Seaborne imports soar; ships stuck as L.A. ports can’t unload containers fast enough

Seaborne imports soar; ships stuck as L.A. ports can’t unload containers fast enough
Port of Long Beach container terminal. Wikipedia: By Charles Csavossy - http://www.cbp.gov/xp/cgov/newsroom/multimedia/photo_gallery/afc/field_ops/inspectors_seaports/cs_photo32.xml, Public Domain, Link

[Ed. – Imports aren’t soaring “because COVID”; they’re soaring because economy-killing regulations and lockdown policies.  Americans would love to produce such “popular imports” as “furniture, auto parts, clothes, electronics, and plastics.”  Not being allowed to is the problem.  Ships anchored uselessly off the coast, as a transportation infrastructure problem, isn’t nearly as explanatory as recognizing this as a policy-is-killing-manufacturing problem.  Note the word in bold.]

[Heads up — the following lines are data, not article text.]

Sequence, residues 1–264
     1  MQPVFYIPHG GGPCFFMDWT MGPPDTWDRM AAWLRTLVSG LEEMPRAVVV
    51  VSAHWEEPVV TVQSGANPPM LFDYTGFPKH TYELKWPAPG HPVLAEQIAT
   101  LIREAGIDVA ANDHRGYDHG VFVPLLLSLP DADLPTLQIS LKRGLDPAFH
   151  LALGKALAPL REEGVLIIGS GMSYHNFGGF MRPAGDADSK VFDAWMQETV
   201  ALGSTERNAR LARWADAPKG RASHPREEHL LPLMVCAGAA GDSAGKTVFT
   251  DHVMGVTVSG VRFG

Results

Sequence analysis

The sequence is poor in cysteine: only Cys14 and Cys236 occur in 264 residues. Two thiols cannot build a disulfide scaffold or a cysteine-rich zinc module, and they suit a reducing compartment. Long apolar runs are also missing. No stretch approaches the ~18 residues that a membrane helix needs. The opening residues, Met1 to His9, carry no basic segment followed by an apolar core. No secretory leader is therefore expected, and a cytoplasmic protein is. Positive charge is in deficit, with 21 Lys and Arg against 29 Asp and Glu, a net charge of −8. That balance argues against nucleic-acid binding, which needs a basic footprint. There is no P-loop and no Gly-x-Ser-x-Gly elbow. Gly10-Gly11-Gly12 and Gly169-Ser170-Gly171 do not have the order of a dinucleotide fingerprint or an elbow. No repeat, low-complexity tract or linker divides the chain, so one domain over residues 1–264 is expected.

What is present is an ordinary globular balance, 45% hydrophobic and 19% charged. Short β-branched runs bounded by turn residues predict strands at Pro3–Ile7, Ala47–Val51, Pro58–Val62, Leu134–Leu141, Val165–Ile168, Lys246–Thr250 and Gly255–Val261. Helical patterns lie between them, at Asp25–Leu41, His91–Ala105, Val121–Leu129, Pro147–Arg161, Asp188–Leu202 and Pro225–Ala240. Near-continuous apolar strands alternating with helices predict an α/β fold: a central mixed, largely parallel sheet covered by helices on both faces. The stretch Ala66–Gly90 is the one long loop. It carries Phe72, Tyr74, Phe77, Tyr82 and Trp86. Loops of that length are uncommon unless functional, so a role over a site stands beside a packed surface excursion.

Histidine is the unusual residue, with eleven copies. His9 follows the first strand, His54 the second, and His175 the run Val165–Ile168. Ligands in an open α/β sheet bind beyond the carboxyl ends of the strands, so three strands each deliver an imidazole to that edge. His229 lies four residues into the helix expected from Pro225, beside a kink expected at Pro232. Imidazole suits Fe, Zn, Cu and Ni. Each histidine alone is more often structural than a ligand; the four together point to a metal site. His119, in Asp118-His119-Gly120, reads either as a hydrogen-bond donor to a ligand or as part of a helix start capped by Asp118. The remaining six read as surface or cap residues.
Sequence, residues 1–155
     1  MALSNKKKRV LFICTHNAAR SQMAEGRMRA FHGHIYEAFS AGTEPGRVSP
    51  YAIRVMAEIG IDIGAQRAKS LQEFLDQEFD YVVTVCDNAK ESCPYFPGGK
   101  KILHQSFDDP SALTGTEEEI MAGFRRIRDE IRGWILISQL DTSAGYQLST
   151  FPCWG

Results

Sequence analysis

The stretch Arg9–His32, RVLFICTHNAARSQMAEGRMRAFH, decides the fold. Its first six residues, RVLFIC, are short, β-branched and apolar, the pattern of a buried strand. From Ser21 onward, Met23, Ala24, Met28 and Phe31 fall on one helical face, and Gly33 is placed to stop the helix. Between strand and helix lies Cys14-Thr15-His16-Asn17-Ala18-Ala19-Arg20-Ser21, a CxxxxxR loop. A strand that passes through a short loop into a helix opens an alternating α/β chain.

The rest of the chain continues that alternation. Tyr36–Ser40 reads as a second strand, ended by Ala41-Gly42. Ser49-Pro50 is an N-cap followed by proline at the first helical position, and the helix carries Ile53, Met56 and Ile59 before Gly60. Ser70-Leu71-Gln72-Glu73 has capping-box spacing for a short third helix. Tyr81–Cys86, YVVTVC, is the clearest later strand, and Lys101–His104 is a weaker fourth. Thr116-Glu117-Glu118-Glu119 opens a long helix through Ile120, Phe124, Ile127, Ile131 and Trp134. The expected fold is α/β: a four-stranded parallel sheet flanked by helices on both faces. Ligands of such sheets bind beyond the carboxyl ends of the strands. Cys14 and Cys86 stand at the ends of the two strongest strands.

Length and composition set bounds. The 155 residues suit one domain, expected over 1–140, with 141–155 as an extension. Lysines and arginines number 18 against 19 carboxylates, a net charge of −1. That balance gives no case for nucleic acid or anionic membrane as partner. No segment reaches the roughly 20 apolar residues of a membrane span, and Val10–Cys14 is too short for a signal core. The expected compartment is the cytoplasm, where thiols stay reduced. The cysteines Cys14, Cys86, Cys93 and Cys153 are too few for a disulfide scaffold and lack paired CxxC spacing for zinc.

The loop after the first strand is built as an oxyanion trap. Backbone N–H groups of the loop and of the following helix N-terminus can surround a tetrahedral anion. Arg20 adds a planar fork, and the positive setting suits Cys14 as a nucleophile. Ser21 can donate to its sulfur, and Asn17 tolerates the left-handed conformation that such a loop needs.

A supply-chain crisis is quietly brewing off the coast of Southern California as massive freighters wait for dock space to open up.

California ports in Los Angeles and Long Beach account for about one-third of US imports. These ports operate as a primary source of imports from China and have been heavily congested for months.

On Wednesday, 21 ships were anchored off the coast waiting for a spot to open up to unload at Los Angeles and Long Beach ports, according to data from the Marine Exchange of Southern California. …

Trending: Reports: China seeks forward bases in Pacific and Atlantic Oceans

The ships carry millions of dollars worth of popular imports, including furniture, auto parts, clothes, electronics, and plastics, according to data from the Port of Los Angeles. Supplies of these materials could be heavily depleted in the US due to the backlog of ships.

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